Republican Party war chest dwarfs Democrats’ going into 2020 high season

The Republican Party has nearly eight times as much cash-on-hand as the Democratic Party in the heat of the 2020 primary season. According to the latest Federal Election Commission (FEC) data released Thursday, covering Jan. 1 through Jan. 31, the Republican National Committee has $76 million cash-on-hand compared with the Democratic National Committee’s $9.9 million. “Record breaking support for this president and his policies continues to grow as we head full-force into this presidential election year,” RNC Chairwoman Ronna McDaniel said in a statement to Fox News. “Across the country, Americans are choosing President Trump’s record of results over Democrats’ divided field of contenders with no vision for the country, and they are ready for four more years of the great American comeback he has started,” she added. A spokesperson for the DNC did not immediately respond to Fox News’ request for comment. Meanwhile, the latest FEC filings show that President Trump’s re-election campaign and joint-fundraising committees have $124 million cash-on-hand; while his campaign alone has $92.6 million cash-on-hand. As for the Democratic primary field, Sen. Bernie Sanders, I-Vt., has $16.8 million; former Vice President Joe Biden has $7.1 million; former South Bend, Ind. Mayor Pete Buttigieg has $6.6 million; Sen. Amy Klobuchar, D-Minn., has $2.86 million; Sen. Elizabeth Warren, D-Mass., has $2.3 million; and Rep. Tulsi Gabbard, D-Hawaii, has $2 million. Democratic candidates Tom Steyer and former New York City Mayor Mike Bloomberg, who are self-funding their campaigns, have far more cash-on-hand. Thursday’s FEC filing showed Bloomberg having a whopping $55.1 million cash-on-hand; and Steyer with $17.8 million.

Wow..  That’s all ya really can say to that.  Trump and the RNC are monetarily destroying the DNC and its cast of keystone cops running for the Democrat nominee for president.  Of course anything can happen in the next 8 months or so.  But..  At this rate, the DNC is getting utterly demolished.  That’s why CNN, MSNBC, Joy Behar at “The View,” and the rest of the dominantly liberal mainstream media are in full panic mode.   The Dem presidential candidates are beating each other up right now and spending all of their money on that, while Trump is out doing rallies to sold out crowds in key swing states.  The contrast is pretty stark.

RNC Chair Ronna McDaniel Asked to Serve Second Term

The job of Republican National Committee (RNC) Chair is Ronna McDaniel’s for another two years if she is up for it. President Donald Trump has asked the high-ranking party official to serve a second term amid a stellar fundraising haul for the 2018 midterm elections, according to a Sunday Axios report. Axios co-founder Mike Allen writes that President Trump is thrilled with McDaniel’s “work on behalf of the America First agenda, effective management of the party infrastructure, and record grassroots engagement and fundraising.” President Trump’s offer comes after the RNC’s August filings showed the party raised $16.4 million for the month, bringing this cyle’s total to a whopping $252 million. “Enthusiasm for President Trump and his successful agenda is fueling our record-breaking fundraising and energizing our grassroots supporters,” McDaniel told The Hill of the record-breaking fundraising haul. With the midterm elections just 22 days away, McDaniel says Republican voters are “completely energized” following a successfully hard-fought battle to confirm Supreme Court Justice Brett Kavanaugh. “The generic ballot has narrowed from double digits. Now it’s at seven. I’m looking at every race across the country,” the RNC chair told Fox News host Chris Wallace last Sunday. “We have about 30 that are in the margin of error, certainly in districts where Hillary Clinton won where we have Republican incumbents. Our job is to turn out our base first. Our base is completely energized right now. The Kavanaugh hearings have just highlighted how important this election is for them.” McDaniel, the niece of failed presidential candidate Mitt Romney, was elected RNC chair in January 2017, replacing Reince Priebus, who exited the role to serve as President Trump’s Chief of Staff. Previously, McDaniel assumed the role of Michigan Republican Party Chair in February 2015.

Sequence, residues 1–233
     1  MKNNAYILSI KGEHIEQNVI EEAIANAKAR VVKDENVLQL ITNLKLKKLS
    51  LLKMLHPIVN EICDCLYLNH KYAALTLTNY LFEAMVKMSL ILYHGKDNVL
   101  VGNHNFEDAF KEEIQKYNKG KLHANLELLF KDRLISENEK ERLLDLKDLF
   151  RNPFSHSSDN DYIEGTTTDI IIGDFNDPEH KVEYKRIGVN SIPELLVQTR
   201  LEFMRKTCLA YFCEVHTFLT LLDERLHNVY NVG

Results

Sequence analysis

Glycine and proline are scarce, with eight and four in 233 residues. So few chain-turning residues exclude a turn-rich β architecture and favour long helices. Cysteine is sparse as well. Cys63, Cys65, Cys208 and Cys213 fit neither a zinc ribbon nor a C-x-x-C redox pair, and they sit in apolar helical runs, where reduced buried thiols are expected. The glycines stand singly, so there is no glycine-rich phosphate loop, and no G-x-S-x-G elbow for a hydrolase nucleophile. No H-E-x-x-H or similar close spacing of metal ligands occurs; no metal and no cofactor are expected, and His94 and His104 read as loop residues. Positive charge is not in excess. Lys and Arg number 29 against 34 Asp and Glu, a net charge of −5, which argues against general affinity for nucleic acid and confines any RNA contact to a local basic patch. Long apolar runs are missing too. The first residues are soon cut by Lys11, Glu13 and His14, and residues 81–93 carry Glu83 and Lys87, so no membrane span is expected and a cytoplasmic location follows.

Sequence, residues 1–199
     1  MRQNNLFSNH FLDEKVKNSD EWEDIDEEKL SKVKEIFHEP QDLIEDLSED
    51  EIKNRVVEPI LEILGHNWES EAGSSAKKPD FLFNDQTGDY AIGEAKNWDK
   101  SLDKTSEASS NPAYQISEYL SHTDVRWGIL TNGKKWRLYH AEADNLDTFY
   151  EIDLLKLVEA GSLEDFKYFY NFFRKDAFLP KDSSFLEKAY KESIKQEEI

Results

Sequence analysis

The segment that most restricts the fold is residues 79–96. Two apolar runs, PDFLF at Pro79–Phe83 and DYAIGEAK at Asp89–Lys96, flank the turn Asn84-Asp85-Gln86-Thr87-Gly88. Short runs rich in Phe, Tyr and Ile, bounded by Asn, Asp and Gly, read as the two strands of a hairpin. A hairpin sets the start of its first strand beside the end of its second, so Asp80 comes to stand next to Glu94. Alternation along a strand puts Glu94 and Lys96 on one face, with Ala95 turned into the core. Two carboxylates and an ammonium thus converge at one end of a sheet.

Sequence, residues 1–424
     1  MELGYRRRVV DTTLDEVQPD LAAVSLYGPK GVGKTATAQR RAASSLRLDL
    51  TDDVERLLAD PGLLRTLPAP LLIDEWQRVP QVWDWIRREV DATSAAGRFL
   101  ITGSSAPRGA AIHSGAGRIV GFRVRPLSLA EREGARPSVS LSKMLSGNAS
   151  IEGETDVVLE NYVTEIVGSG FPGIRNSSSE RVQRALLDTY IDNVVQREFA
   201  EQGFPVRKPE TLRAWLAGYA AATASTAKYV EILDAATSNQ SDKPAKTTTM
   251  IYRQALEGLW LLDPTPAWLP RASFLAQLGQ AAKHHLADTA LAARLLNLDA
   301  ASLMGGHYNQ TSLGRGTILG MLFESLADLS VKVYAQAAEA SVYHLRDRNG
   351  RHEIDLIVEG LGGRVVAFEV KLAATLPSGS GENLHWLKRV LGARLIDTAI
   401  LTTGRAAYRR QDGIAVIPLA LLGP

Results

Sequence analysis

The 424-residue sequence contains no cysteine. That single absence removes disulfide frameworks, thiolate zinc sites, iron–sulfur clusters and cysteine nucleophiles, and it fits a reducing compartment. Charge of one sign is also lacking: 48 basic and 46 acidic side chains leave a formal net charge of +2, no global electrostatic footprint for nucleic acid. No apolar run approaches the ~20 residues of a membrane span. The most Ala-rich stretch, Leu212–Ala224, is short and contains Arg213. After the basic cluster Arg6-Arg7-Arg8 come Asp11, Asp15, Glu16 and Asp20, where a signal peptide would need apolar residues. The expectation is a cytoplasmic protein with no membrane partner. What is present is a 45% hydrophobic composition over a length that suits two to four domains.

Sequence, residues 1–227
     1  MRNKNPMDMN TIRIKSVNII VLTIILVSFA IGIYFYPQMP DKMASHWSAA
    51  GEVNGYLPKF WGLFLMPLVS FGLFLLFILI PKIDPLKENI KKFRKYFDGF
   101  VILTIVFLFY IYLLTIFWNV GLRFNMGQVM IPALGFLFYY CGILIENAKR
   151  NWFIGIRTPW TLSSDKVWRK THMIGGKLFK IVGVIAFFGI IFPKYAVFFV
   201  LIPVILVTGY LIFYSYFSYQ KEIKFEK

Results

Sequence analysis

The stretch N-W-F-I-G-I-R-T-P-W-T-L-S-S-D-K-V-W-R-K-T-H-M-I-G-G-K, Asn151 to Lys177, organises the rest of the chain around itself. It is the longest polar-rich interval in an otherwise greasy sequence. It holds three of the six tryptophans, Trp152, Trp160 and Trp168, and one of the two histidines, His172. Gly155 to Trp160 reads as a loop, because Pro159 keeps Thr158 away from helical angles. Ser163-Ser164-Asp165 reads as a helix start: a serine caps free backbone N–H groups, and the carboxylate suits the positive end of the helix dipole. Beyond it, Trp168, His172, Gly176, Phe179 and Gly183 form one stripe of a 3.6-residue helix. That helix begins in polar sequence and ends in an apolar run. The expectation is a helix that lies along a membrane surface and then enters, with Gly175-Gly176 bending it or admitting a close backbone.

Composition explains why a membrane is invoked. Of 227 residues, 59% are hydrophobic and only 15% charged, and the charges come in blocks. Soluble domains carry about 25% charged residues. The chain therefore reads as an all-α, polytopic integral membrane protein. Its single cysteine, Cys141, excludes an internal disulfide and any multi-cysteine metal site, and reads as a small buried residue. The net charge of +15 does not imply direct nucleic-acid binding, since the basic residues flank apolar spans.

RNC Slams MSNBC’s ‘Morning Joe’ as the ‘Leader of the Pack’ for Trump Derangement Syndrome

The Republican National Committee took a shot at MSNBC’s “Morning Joe” Wednesday, calling it the “leader of the pack for the worst case of Trump Derangement Syndrome.” “Once a respected forum for intelligent discourse, the program has turned into 3 hours of far-left hysteria, filled with more faux scandal and innuendo than a bad episode of Gossip Girl,” the email released by the RNC Wednesday said. The show, hosted by Joe Scarborough and Mika Brzezinski, refused Wednesday to discuss the controversy surrounding Kathy Griffin’s photo shoot involving a mock beheading of President Trump. However, the show did decide to discuss a misspelled tweet by Trump, something the RNC picked up on. “According to a rough review of this morning’s program, the crew spent the majority of the show discussing misspelled tweets, White House staffing plans, uncorroborated Russia stories, and the supposed horror of President Trump giving his cell phone number out,” the email by RNC Deputy Communications Director Michael Reed said. Reed notes that they spent “little to no time” on the lack of evidence of collusion between Trump’s campaign and Russia or on how leaks are hurting national security. “And, if you were tuning in to get a substantive update on health care or tax reform negotiations, good luck,” the email says. Reed also notes that Sen. Al Franken (D-MN) was on the program but not asked if he is still holding an event with Griffin in July. Scarborough later responded on Twitter, hailing it as proof that President Trump is “obsessed” with the show.